RBS 6 Nations interim report cards

We have  good old look at how it’s going so far for al the teams in this year’s Six Nations

ENGLAND

What’s going well? – Elliott Daly, the defence, Jedi mind-tricking opposition into dropping the ball or missing touch, Eddie’s press conference trolling.

Needs more work – Scrum-half decision making, playing well for more than ten minutes at a time, understanding rules of rugby.  Tom Wood’s entire hair strategy.

Effort – Started the tournament well in the face of some lost colleagues and they continue to try hard in all endeavours, particularly in defence.  They are to be commended for never being afraid to ask questions about things they don’t understand even when it will cause them worldwide public embarrassment.

Achievement – Three wins is reward for all their defensive efforts so far and the Grand Slam remains a possibility.  However, they are no further on than a year ago in terms of their play and game awareness as displayed by the how incredibly flummoxed they were in the face of Italy doing something that required England players to actually think.

IRELAND

What’s going well? – Connor Murray and Sexton remain best half-back paring in Europe

Needs more work –  The back three containing the many inexplicable caps of Keith Earls, pound shop Zoolander Rob Kearney and the general shambles Simon Zebo .  The lineout.

Effort – Ireland are a capable lot who let themselves down by not trying hard enough in the opening weekend against a Scotland team they were capable of beating.  They have since knuckled down to the task at hand

Achievement – Lost 1, won 2.  After the defeat in Edinburgh they have casually trampled all over Italy and then taught France what something called a gameplan in the rain looks like.

SCOTLAND

What’s going well? – The breakdown and backrow is fully over the Dave Denton years and is looking destructive and canny again.  Stuart Hogg continues to be ridiculous and after years of stunted creativity they cannot stop scoring tries.

Needs more work – Conceding tries is still an issue and the scrum is too often like a septic tank on wheels.  Alex Dunbar’s comedy kicking out of hand.

Effort – While all teams try hard what is most heartening about Scotland is that they apply most of their effort to attack.  It has paid off on one level in that opposition teams will have to score at least three tries to beat them.  It has not paid off in that this still looks a likely outcome too often.

Achievement – Two great wins at home over Ireland and Wales.  Their only loss was in France where the scrum problems were apparent but they also lost a number of players to injury.  Had the injuries and related disruption not happened in Paris it is not outlandish to state that they could’ve been three from three going into the final two rounds.

WALES

What’s going well – Liam Williams, Ross Moriarty and Sam Warburton are showing well, beyond that the tournament is a bit like one of those YouTube epic fail compilation videos but with less laughter.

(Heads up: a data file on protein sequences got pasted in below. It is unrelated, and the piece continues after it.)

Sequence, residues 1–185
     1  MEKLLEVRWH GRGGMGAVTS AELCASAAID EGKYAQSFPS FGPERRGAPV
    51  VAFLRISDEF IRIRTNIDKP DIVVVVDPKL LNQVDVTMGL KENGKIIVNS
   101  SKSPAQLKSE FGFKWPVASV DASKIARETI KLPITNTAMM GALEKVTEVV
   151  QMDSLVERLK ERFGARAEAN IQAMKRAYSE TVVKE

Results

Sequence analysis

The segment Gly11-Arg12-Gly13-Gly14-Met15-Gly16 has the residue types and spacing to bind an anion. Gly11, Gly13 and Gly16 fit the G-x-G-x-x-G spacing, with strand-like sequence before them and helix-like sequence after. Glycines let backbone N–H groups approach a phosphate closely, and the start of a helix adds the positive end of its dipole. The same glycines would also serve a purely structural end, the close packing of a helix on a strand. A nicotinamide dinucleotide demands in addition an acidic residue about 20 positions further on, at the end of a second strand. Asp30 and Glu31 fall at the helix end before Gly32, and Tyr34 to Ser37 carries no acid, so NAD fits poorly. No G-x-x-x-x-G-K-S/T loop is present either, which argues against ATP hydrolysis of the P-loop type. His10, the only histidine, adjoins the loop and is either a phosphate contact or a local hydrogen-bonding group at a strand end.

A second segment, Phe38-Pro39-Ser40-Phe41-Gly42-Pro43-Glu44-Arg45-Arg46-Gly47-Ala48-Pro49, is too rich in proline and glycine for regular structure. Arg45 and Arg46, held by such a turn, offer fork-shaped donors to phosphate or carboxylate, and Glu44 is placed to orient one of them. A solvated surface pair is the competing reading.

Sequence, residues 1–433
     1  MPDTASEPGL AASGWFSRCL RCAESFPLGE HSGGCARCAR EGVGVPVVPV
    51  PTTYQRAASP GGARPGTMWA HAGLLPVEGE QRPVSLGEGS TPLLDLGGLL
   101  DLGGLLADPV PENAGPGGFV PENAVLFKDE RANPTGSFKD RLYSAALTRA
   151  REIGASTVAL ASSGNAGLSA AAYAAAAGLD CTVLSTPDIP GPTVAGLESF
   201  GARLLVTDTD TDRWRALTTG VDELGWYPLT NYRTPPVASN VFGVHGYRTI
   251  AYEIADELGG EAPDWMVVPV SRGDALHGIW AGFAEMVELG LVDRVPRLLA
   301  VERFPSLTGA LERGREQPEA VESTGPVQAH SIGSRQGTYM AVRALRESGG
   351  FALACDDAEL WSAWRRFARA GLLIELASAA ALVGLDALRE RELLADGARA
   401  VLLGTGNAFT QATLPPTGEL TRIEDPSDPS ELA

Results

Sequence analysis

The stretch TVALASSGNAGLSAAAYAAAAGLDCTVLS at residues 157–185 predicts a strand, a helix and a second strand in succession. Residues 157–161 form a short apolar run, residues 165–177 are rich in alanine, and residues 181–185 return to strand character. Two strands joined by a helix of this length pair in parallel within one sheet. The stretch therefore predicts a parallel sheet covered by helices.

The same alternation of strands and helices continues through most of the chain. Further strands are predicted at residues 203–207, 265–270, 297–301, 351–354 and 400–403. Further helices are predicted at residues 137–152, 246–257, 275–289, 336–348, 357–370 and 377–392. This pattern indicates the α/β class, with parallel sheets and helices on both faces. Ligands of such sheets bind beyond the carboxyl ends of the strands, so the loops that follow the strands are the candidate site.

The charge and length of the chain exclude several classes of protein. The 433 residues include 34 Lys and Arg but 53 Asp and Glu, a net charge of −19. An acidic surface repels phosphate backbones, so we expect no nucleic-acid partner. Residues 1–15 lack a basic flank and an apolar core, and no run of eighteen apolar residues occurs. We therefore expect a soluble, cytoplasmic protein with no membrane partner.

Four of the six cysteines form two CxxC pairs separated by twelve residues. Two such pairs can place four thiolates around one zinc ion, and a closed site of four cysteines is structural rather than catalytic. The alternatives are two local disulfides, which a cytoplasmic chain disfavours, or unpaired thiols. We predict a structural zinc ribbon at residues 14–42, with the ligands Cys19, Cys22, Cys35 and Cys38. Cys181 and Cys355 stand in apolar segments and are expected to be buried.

Needs more work – Selection, creativity, gameplan, discipline, Alun Wyn Jones’ captaincy.  Other than that it’s going fine for interim management buffoon Rob Howley.

Effort – Wales continue to try hard with limited ambition and nous, embodied in Ken Owens who deserves far more for his incredible efforts for his team than the dreck around him.  Wave after wave of players running straight at a defence for no reward does, in fairness to the players, require a great deal of effort.

Achievement – Lost 2 against anyone decent, won 1 against Italy.  Next up are Ireland and France, both of which present about as much hope for Wales fans as John Lacey correctly interpreting a scrum collapse.

 

FRANCE

What’s going well? – Louis Picamoles is a wrecking ball at eight and some va-va-voom is present in their play after the many years of hideousness under Phillippe Saint-Andre.

Needs more work – Gameplan, in that they don’t have one.  That is unless you call repeatedly and aimlessly passing it laterally to the player next to you and saying “you have a go now” a gameplan.

Effort – There’s plenty of buzzing about and passing from the backs and the forwards are giving it plenty of wellie in the tight.  But effort can only take you as far as your fitness allows and some of the French pack in particular look like they’ve escaped from fat camp on the first night.

Achievement – Bullied a victory at home against a depleted Scotland, ran a misfiring England close in the first week and were comprehensively out-thought and outplayed by Ireland.  If you look beyond the odd flourish that’s been added, it could be argued that they remain a poor side.

ITALY

What’s going well? – Sergio Parisse as per usual, but also his back row partner Simone Favaro.  Their ability to bamboozle the ruck.

Needs more work – Resilience.  It all appears to be going well until they concede, after which their heads drop faster than aristocracy in the French Revolution.  The continuing lack of selection of Michele Campagnaro in the centre.  Luke McLean, who remains ever-present as the unflushable turd of Italian rugby.

Effort –  They are fired up right up to the point they concede their first try, after that there a varying levels of effort from “can’t be arsed” through to “if I have to”.  Apart from Sergio, who appears to be powered by a combination of unicorn dust and rocket fuel.

Achievement –Before they England match they looked to be having their worst year ever, before their ruck shenanegans  gave them back a modicum of self-respect.  However, they’ve still lost all three and there appears little chance this trend will change.

About Lee

Owner, editor, not a fan of Haskell.

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